Traveller Law Database

Buckland v. The United Kingdom (Application no. 40060/08) 

Date of Decision: Tue, 18 Sep 2012
Decision Making Body: European Court of Human Rights
Law Applied: European Convention on Human Rights
Keywords: Article 8 ECHR, Possession Order, Mobile Homes Act 1983 (U.K.), Housing Act 2004 (U.K.), Housing and Regeneration Act 2008 (U.K.)
Full Case Details - Download Full Judgment (pdf)

Ms Buckland argued that the fact that she was not able to challenge the making of a possession order amounted to a violation of her rights under Article 8 of the European Convention on Human Rights. The European Court of Human Rights held that there was no mechanism for her to challenge the making of the possession order, this was not a proportionate interference with her right to respect for her home and thus was a violation of her rights under Article 8.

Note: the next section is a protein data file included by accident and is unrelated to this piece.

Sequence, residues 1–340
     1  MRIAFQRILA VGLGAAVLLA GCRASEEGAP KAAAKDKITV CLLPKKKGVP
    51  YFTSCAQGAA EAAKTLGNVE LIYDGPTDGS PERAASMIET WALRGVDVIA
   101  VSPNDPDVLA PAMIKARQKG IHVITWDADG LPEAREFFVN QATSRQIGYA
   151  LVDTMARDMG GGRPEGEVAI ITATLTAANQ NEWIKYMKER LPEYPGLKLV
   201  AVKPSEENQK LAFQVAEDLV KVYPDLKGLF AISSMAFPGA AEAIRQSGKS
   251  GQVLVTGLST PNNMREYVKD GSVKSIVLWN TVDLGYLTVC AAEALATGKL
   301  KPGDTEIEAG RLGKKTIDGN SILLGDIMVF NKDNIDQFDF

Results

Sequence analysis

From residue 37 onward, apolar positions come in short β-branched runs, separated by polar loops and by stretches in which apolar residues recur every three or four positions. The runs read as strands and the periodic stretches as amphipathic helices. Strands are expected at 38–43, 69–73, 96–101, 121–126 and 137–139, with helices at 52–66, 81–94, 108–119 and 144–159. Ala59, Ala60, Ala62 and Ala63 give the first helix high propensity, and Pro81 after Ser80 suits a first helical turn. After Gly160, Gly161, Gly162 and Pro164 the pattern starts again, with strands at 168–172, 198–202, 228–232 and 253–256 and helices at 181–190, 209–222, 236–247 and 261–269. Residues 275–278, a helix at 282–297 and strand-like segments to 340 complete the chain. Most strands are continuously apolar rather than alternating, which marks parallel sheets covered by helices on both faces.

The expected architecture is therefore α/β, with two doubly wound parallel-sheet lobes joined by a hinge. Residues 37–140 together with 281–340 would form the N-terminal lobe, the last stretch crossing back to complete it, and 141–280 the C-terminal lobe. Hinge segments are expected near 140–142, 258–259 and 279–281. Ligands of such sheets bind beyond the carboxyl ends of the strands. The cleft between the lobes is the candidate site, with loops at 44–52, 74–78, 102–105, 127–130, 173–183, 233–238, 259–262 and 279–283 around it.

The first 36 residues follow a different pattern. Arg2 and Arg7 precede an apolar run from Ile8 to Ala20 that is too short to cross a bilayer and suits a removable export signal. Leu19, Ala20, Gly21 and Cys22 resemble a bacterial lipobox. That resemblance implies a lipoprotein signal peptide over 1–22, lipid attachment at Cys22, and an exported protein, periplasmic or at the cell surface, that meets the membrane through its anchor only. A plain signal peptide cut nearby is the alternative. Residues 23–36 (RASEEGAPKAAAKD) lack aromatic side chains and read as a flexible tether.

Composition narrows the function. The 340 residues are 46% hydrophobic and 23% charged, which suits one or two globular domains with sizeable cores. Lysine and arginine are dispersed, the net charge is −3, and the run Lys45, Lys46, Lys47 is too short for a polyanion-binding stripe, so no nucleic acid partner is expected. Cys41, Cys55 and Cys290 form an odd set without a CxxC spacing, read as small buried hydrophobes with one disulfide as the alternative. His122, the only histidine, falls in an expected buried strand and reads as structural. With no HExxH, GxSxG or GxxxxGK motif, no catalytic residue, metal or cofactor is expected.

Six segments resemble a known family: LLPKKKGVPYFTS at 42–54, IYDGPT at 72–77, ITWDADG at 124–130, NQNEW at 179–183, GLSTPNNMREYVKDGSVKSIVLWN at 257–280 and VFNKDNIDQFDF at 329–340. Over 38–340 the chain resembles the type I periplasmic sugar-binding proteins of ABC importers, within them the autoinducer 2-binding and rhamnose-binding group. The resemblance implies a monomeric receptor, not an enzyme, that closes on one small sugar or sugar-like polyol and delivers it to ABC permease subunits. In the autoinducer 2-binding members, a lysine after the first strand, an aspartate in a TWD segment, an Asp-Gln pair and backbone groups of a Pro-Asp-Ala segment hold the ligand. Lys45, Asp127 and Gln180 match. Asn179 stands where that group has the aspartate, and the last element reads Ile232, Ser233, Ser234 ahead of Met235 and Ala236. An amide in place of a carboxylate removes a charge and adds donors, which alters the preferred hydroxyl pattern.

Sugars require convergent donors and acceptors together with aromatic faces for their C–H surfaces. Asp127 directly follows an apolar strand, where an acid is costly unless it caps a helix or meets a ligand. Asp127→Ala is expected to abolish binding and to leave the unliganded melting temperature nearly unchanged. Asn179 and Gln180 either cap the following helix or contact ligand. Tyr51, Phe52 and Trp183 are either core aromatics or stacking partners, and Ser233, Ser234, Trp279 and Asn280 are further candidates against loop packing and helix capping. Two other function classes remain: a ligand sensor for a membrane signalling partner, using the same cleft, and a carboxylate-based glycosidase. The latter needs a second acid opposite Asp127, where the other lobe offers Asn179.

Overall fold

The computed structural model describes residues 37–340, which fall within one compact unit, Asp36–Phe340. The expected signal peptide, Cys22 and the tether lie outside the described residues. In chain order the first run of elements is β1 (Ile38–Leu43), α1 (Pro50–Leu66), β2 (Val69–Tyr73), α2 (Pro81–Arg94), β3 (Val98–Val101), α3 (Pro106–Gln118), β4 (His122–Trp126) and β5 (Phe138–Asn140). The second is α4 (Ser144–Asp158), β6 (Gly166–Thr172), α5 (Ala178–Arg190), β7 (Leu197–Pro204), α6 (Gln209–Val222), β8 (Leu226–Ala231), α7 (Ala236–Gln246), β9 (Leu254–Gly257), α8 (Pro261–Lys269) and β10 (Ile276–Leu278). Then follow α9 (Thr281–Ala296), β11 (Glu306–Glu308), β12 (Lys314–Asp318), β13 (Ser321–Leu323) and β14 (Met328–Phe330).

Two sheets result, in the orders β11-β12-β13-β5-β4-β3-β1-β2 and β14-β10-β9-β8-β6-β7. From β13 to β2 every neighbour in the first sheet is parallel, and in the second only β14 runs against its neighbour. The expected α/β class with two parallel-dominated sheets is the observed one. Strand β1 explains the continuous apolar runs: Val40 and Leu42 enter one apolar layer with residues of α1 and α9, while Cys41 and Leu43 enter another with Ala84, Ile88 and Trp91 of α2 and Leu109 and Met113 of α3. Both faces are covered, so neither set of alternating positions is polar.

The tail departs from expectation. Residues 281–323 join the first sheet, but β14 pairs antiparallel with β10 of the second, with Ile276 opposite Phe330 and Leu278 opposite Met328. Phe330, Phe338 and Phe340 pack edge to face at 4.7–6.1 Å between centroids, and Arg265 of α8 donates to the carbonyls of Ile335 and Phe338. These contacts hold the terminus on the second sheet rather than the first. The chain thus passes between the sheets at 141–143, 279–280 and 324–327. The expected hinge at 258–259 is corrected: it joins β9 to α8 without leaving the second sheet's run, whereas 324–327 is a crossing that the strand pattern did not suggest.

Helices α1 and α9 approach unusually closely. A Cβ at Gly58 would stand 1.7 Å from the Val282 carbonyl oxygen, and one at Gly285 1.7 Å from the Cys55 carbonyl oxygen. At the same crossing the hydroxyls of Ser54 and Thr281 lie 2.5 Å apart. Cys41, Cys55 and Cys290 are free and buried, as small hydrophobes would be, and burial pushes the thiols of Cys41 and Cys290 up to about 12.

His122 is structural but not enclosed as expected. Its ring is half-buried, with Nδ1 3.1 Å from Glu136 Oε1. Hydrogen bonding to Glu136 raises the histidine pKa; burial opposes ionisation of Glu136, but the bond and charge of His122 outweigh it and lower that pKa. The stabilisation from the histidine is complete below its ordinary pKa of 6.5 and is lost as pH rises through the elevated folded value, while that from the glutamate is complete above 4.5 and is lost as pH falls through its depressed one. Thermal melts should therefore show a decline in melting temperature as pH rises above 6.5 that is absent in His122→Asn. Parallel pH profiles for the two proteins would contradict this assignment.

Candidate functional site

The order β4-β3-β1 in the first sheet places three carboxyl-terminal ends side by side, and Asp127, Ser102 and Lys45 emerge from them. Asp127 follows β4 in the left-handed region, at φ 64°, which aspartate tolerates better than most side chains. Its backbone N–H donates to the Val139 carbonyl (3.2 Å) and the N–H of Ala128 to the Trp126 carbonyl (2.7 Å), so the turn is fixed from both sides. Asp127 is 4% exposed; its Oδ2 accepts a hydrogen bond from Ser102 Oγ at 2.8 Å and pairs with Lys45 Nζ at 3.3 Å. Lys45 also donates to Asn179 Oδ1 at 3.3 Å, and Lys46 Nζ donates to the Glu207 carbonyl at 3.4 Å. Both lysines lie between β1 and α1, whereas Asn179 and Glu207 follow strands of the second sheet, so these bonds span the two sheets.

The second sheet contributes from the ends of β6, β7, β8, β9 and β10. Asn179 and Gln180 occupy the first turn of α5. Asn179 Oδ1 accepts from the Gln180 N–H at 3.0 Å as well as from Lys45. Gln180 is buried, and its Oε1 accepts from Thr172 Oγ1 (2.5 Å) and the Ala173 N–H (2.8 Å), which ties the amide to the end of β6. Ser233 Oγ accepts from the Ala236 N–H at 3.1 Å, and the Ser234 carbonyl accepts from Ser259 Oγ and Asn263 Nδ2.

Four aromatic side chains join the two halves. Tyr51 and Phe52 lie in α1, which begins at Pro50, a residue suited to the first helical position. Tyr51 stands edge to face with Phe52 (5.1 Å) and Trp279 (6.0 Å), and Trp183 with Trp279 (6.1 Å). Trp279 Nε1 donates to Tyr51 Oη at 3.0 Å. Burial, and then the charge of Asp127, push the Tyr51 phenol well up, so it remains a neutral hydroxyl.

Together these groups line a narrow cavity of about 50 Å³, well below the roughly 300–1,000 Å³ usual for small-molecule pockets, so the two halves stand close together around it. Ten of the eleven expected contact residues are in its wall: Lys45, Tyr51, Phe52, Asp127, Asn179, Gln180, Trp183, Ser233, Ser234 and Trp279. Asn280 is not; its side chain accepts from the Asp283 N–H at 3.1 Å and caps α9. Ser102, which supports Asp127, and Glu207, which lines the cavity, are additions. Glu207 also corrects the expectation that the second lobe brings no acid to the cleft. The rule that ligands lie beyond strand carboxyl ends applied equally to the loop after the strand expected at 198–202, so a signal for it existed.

Ms Buckland lived on the Cae Garw caravan site in Port Talbot, Wales with her two children. They all identified as Gypsies. The site they lived upon was owned by Neath Port Talbot County Borough Council. On 30th December 2004, the Gypsy Council, who managed the site on behalf of the County Borough Council, issued Ms Buckland a notice of termination of the licence, which was to expire on 6th February 2005. Similar notices of termination were given to her parents, who were also living on the site.